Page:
Like everything else in our lives, our skin changes as we get older. Some of those changes can be painful, and some of them can just be aesthetically displeasing. This blog will talk about some common skin changes, as well as offer some basic suggestions for how to handle those changes.
How Skin Changes With Age
From laugh lines to sunspots, our skin is usually the first thing to show our age. The common visible signs of aging include rougher skin, slack skin, wrinkles, and sun spots. Dry skin and itchy skin are also common as we age. About 85% of older adults experience “winter itch” caused by temperature drops and exposure to dry indoor heat.
There are also changes happening beneath our skin that affect our skin’s health. These changes include degradation in collagen and the elastic fibers that allow our skin to stretch. We also see reduction in healthy skin oils that can leave our skin feeling dry and rough.
Medical skin conditions also tend to come to light during this time, such as eczema. Skin infections can also become more prevalent with conditions like diabetes.
As life expectancy continues to rise, looking after our skin should become part of our healthy lifestyle to keep us looking our very best.
How to Manage Skin Changes With Age
How your skin ages depends on a variety of factors – some based on heredity and others based on lifestyle. Here are some lifestyle changes you can make to better manage your skin care.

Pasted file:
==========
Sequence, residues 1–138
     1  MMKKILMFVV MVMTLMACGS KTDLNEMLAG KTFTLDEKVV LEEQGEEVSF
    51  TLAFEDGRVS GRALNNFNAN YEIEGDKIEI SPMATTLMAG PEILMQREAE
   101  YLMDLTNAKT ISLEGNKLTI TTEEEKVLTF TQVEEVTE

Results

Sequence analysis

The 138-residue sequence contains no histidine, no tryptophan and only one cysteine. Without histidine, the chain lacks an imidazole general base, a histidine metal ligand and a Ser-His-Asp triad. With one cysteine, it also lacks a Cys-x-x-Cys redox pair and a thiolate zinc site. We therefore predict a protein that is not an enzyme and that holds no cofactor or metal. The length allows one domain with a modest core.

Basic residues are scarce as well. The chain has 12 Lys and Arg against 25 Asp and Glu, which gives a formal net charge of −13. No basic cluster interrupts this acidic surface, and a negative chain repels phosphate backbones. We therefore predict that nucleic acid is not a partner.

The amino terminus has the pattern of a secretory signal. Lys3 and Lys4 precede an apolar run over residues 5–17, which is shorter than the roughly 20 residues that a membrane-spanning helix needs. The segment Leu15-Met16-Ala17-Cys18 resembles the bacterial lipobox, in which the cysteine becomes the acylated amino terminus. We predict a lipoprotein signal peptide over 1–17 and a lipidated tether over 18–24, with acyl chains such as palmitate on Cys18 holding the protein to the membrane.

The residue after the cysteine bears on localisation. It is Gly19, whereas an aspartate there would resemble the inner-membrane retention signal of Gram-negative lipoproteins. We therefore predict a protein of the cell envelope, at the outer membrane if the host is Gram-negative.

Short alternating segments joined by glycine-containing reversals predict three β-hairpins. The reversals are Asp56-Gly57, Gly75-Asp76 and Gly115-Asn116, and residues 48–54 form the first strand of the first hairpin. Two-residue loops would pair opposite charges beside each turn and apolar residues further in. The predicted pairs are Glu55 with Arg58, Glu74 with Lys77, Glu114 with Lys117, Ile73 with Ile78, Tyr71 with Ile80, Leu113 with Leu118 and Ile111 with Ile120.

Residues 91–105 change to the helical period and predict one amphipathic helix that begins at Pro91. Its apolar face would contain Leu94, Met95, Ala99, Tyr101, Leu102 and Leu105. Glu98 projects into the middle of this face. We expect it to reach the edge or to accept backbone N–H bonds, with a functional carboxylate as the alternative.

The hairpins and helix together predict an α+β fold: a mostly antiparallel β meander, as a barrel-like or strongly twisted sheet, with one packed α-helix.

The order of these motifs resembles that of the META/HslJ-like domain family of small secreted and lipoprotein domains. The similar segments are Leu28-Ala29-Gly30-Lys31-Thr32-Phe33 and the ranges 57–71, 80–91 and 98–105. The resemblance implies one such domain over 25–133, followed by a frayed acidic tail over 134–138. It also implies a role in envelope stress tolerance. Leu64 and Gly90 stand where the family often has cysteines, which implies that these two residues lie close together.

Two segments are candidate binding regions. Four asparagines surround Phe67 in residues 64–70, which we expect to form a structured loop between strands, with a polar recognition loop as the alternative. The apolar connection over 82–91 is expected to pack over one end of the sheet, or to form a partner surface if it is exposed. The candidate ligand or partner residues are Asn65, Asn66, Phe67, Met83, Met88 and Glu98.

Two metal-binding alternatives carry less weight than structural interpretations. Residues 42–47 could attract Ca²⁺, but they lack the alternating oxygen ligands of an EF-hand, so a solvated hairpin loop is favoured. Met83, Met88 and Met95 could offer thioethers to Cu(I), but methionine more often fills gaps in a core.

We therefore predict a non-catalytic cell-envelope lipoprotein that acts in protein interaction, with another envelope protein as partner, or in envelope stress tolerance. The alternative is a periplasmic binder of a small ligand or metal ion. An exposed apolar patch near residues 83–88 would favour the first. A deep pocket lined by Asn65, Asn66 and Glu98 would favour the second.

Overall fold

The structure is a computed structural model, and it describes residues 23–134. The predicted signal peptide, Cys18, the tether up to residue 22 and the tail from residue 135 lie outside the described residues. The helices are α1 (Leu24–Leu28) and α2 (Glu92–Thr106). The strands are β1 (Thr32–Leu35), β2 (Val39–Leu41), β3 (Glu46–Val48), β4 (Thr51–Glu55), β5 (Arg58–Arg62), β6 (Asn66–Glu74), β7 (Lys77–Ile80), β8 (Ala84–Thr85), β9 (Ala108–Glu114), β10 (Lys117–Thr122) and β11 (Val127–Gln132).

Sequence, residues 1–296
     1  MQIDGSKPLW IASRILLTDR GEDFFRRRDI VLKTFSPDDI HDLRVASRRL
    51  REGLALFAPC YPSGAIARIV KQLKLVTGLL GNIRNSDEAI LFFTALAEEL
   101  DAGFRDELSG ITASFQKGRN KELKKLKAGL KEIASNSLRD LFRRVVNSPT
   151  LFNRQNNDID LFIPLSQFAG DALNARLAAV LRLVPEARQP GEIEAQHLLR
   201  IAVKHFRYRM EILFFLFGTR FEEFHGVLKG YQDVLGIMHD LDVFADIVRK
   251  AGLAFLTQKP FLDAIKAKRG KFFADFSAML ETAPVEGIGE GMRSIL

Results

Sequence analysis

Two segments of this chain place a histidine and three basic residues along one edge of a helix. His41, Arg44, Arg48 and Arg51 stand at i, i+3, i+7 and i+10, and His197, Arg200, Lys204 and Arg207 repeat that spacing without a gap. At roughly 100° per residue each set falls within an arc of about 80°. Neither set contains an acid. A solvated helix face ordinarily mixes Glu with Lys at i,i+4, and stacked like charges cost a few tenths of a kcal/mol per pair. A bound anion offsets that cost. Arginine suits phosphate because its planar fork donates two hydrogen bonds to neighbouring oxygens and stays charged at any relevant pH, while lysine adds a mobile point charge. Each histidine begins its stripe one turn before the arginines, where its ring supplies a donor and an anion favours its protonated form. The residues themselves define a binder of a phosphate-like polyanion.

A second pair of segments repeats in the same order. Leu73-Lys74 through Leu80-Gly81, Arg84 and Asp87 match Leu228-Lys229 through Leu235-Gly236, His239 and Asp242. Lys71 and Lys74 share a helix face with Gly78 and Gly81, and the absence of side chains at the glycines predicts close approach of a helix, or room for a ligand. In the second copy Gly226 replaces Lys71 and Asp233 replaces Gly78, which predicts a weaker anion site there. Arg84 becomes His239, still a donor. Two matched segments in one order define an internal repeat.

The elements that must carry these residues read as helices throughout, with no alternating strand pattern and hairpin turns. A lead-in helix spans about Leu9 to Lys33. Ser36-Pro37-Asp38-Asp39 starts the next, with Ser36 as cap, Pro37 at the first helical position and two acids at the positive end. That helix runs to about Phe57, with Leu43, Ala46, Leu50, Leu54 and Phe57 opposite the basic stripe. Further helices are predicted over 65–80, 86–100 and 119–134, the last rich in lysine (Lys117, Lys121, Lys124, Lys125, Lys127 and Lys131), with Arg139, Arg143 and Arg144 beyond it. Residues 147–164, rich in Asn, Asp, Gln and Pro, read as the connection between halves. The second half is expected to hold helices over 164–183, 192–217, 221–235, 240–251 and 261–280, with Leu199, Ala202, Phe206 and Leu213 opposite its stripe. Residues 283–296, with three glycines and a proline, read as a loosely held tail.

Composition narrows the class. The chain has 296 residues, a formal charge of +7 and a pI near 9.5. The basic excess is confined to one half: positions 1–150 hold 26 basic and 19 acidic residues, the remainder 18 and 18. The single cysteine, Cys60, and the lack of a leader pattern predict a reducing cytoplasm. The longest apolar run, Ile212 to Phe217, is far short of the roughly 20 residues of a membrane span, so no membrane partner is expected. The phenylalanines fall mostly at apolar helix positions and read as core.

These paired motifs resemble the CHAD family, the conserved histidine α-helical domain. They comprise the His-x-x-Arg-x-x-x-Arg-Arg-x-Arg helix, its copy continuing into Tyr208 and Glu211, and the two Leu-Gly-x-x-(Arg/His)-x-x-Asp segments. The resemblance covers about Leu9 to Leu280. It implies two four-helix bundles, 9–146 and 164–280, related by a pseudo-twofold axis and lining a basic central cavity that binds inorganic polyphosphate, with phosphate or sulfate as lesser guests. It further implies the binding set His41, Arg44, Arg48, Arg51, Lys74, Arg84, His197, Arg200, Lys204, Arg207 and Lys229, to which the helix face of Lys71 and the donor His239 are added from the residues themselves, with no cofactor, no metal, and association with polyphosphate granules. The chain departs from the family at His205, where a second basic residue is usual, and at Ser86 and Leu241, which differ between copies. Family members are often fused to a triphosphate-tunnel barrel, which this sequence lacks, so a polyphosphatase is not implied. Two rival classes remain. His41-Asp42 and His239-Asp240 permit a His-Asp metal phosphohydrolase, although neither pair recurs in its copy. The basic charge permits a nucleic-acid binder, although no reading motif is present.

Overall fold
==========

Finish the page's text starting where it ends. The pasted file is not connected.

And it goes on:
Limit Sun Exposure
The amount of time you spend in the sun can affect your skin long term. Try to limit your time outside when the sun is the strongest, between 10 am and 4 pm. If you do have to go out in the sun, be sure to regularly apply sunscreen with an SPF of 30 or higher. Sun screen should be applied at least every two hours.
Studies have shown that smoking accelerates aging by hampering the blood supply to our skin that keeps it looking healthy and young. Aside from age, smoking is the strongest predictor of facial wrinkling in men and women.
Our skin is constantly being exposed to drying factors – sun, wind, water. It’s no surprise that keeping our skin hydrate by moisturizing daily (and drinking plenty of water) can help our skin maintain its supple appearance.
Taking care of our skin is incredibly important as we age. Perhaps the best practice for skin care is to appreciate your skin and your body for the job it does protecting you. Wrinkles and skin imperfections are an inevitable part of aging to some degree, and should be worn as a badge of honor as it shows our wisdom and hard work we’ve done to get to here.
But if you need, or want, some extra help keeping your skin as healthy as possible, follow the tips above and talk to your doctor. They may be able to recommend other lifestyle and dietary changes, as well as professional skincare treatments.